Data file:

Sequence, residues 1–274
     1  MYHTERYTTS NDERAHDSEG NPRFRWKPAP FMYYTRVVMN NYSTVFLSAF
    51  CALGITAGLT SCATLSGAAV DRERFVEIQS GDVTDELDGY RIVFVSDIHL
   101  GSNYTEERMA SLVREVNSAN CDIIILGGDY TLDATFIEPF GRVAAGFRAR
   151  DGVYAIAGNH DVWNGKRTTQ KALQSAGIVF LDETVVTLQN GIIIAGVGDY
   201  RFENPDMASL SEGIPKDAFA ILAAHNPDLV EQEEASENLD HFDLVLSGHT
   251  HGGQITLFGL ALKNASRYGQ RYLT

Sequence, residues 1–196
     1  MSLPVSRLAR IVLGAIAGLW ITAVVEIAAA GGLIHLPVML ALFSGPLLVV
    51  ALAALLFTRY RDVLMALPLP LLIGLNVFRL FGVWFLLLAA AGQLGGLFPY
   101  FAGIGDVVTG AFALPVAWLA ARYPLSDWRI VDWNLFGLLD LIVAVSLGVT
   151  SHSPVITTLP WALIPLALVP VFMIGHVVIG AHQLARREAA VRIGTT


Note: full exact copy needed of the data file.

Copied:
Sequence, residues 1–274
     1  MYHTERYTTS NDERAHDSEG NPRFRWKPAP FMYYTRVVMN NYSTVFLSAF
    51  CALGITAGLT SCATLSGAAV DRERFVEIQS GDVTDELDGY RIVFVSDIHL
   101  GSNYTEERMA SLVREVNSAN CDIIILGGDY TLDATFIEPF GRVAAGFRAR
   151  DGVYAIAGNH DVWNGKRTTQ KALQSAGIVF LDETVVTLQN GIIIAGVGDY
   201  RFENPDMASL SEGIPKDAFA ILAAHNPDLV EQEEASENLD HFDLVLSGHT
   251  HGGQITLFGL ALKNASRYGQ RYLT

Sequence, residues 1–196
     1  MSLPVSRLAR IVLGAIAGLW ITAVVEIAAA GGLIHLPVML ALFSGPLLVV
    51  ALAALLFTRY RDVLMALPLP LLIGLNVFRL FGVWFLLLAA AGQLGGLFPY
   101  FAGIGDVVTG AFALPVAWLA ARYPLSDWRI VDWNLFGLLD LIVAVSLGVT
   151  SHSPVITTLP WALIPLALVP VFMIGHVVIG AHQLARREAA VRIGTT